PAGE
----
Money sent home by migrant workers is major economic boost for developing nations, says study
Remittances, or money transfers, sent home by migrant workers to developing nations play a key role in reducing poverty and improving welfare in recipient countries, according to a University of Colorado Boulder study.
Money transfers also have surpassed funding levels provided by international agencies such as the World Bank and the U.S. Agency for International Development, found the study. This makes remittance funds increasingly important in countries where donor or aid organizations have reduced their presence.
The study looked at money transfers worldwide, but focused on the Philippines, which is the third largest recipient of remittances behind India and China.
"Money transfers provide a source of income for low- and middle-class people in the Philippines that wouldn't otherwise be there," said Miles Light, CU-Boulder economist and lead author of the study. "The spending by these Filipino recipients in the local economy boosts sales and employment for shops, restaurants and other local businesses."
The study was conducted by the Business Research Division at CU-Boulder's Leeds School of Business in partnership with Western Union, a money transfer services company.
On average, each of the approximately 8,500 Western Union agent locations in the Philippines injects enough money from transfers into the local economy to support 85 full-time jobs, according to the study.
"Total transfers through Western Union alone contributed to more than 720,000 sustained jobs in the Philippines in 2012," said Light. "Total remittances account for 8 percent of the gross domestic product and more than 2 million jobs in the country."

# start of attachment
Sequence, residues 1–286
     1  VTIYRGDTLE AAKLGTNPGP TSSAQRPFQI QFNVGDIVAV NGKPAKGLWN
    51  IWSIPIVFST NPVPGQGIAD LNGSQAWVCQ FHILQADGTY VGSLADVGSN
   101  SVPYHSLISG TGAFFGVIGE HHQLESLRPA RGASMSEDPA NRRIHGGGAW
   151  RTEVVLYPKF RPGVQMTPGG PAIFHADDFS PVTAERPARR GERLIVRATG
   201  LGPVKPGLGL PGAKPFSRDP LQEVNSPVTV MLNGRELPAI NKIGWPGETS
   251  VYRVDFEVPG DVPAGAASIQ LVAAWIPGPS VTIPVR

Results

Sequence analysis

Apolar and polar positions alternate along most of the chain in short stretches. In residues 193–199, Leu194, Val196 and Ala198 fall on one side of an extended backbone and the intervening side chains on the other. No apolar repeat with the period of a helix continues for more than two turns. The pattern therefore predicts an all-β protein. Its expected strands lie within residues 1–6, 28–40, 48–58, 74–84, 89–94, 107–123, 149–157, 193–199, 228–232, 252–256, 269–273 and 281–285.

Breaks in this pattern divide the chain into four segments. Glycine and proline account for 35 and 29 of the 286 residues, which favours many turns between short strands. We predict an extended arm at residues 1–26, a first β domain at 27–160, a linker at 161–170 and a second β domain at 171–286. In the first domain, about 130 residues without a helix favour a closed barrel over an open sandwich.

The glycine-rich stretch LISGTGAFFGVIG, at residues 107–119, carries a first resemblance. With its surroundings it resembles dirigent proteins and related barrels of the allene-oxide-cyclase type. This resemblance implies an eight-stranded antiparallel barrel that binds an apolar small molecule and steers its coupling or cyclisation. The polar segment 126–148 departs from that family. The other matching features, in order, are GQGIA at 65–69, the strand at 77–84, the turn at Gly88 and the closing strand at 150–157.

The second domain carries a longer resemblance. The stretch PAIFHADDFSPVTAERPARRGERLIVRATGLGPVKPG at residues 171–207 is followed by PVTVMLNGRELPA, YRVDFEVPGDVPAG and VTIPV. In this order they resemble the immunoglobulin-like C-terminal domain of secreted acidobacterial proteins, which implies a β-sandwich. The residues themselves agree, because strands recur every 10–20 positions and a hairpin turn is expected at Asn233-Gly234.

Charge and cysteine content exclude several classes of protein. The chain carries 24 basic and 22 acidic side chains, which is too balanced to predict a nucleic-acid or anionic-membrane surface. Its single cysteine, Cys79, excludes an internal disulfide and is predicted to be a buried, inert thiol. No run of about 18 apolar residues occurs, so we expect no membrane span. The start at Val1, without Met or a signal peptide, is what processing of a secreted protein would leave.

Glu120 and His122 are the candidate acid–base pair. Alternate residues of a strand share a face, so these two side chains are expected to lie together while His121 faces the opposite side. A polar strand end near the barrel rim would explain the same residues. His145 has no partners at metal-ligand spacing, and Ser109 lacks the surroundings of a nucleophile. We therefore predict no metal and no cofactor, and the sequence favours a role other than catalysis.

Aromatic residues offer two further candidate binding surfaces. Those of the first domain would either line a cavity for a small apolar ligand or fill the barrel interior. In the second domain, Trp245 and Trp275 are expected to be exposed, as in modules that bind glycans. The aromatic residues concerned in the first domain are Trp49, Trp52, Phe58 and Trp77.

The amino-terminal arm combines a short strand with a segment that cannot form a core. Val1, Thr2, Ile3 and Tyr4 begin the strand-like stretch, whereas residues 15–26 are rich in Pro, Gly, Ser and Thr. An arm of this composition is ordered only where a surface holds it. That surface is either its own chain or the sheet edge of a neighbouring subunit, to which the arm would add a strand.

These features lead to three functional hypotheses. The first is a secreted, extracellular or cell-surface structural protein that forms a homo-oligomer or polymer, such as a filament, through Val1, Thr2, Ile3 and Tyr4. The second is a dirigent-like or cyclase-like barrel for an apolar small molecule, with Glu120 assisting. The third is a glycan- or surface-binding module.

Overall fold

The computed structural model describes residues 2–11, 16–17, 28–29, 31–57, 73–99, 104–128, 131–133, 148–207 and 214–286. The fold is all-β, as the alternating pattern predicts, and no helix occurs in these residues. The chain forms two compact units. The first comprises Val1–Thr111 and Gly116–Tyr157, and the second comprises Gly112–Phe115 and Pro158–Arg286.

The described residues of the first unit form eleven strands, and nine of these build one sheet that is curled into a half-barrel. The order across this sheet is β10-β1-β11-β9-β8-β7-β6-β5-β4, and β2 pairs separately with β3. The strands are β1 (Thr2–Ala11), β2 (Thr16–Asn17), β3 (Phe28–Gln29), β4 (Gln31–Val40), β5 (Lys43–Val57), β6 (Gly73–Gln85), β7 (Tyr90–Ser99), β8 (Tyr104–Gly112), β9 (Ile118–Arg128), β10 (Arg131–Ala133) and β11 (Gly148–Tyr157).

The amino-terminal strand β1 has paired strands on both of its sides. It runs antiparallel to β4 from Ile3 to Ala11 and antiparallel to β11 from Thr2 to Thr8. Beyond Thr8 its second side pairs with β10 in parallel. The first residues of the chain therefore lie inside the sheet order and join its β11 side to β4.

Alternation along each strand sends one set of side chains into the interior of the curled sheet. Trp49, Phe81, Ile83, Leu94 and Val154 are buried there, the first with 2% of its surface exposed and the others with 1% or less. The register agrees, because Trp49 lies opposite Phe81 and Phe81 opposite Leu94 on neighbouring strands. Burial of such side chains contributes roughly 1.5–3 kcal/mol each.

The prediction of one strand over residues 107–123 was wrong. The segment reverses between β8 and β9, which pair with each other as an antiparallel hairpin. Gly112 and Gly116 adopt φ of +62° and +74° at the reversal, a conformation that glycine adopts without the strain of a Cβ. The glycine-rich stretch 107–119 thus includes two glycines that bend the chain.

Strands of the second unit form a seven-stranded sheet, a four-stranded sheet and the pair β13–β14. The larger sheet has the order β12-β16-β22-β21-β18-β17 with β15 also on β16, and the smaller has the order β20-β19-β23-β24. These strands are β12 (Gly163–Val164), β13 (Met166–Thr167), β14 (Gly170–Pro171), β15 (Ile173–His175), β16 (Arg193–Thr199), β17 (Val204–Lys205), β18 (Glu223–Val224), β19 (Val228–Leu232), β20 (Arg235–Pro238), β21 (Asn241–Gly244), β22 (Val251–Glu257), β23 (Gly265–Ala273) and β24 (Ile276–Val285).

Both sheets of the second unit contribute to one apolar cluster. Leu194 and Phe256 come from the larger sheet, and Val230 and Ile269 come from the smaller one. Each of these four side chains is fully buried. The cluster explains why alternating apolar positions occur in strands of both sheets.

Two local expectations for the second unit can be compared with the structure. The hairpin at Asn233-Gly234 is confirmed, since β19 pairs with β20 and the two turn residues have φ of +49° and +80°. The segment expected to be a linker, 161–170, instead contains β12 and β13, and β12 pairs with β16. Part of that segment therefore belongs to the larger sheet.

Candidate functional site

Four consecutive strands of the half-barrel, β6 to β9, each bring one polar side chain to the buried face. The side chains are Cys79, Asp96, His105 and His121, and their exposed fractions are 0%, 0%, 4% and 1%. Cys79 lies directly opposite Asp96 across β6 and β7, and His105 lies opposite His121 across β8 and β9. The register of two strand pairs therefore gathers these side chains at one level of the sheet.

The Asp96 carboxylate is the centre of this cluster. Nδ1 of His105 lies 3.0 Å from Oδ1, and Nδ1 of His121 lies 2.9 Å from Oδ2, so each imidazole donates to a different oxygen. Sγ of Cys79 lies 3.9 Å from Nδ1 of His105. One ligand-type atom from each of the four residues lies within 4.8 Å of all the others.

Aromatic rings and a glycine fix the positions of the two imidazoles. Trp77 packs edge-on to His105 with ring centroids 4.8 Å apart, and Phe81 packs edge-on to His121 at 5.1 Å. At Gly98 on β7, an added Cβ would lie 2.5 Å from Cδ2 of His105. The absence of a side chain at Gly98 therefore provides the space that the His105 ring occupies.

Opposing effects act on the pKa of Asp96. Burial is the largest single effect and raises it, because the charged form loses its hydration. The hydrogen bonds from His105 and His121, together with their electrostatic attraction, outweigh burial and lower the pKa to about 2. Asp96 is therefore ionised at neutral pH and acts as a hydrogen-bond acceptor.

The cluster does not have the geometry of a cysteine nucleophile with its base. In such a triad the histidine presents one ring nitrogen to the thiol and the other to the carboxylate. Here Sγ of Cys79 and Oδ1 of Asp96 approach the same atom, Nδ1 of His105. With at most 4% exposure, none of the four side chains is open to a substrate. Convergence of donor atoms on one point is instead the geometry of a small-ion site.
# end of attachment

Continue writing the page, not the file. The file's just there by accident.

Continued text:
The study found that on average, direct recipients of Western Union Money Transfer transactions saw income grow by 14.5 percent in 2012.
Remittances have allowed some recipients to stop working and instead attend school, raise children or care for elderly relatives, according to the study. This reduction in labor supply results in upward wage pressure, increasing wages for low-skilled workers (+5.2 percent), semi-skilled workers (+3.8 percent) and skilled workers (+4.9 percent) in the Philippines.
"The wage effect benefits all workers, not only transfer recipients," said Light. "While it can result in increased inflation, the net benefit remains highly positive for the Philippines."
The findings also showed how the business of remittances is changing from an informal network into a formalized system.
"This has occurred only over the last two to three years because official transfer costs have fallen dramatically, mostly due to better technologies, which are increasingly online and electronic," said Light.
The study used a novel approach that combined national economic statistics with data provided by Western Union to pinpoint the flow of funds and better characterize transfer recipients. It also captured the impacts of money transfers at the microeconomic level—among households—as opposed to the larger macroeconomic level.
Globally, the largest Filipino migrant worker populations are in the Middle East, with 50 percent of the population residing there; Asia, with 37 percent of the population residing there; and Europe, with 7.5 percent of the population residing there. About 1.9 percent of the Filipino migrant worker population resides in the Americas.
The findings, which challenge previous research that negatively correlates money transfers with economic growth, were announced today by Western Union at the World Economic Forum in Davos, Switzerland.
"We saw an opportunity to help advance understanding in the field as part of our broader commitment to leadership in business and corporate responsibility," said Hikmet Ersek, president and CEO of Western Union. "New insight is critical to creating effective programs around this $542 billion annual global flow of funds, and to the one in seven people globally who compose the mobile workforce."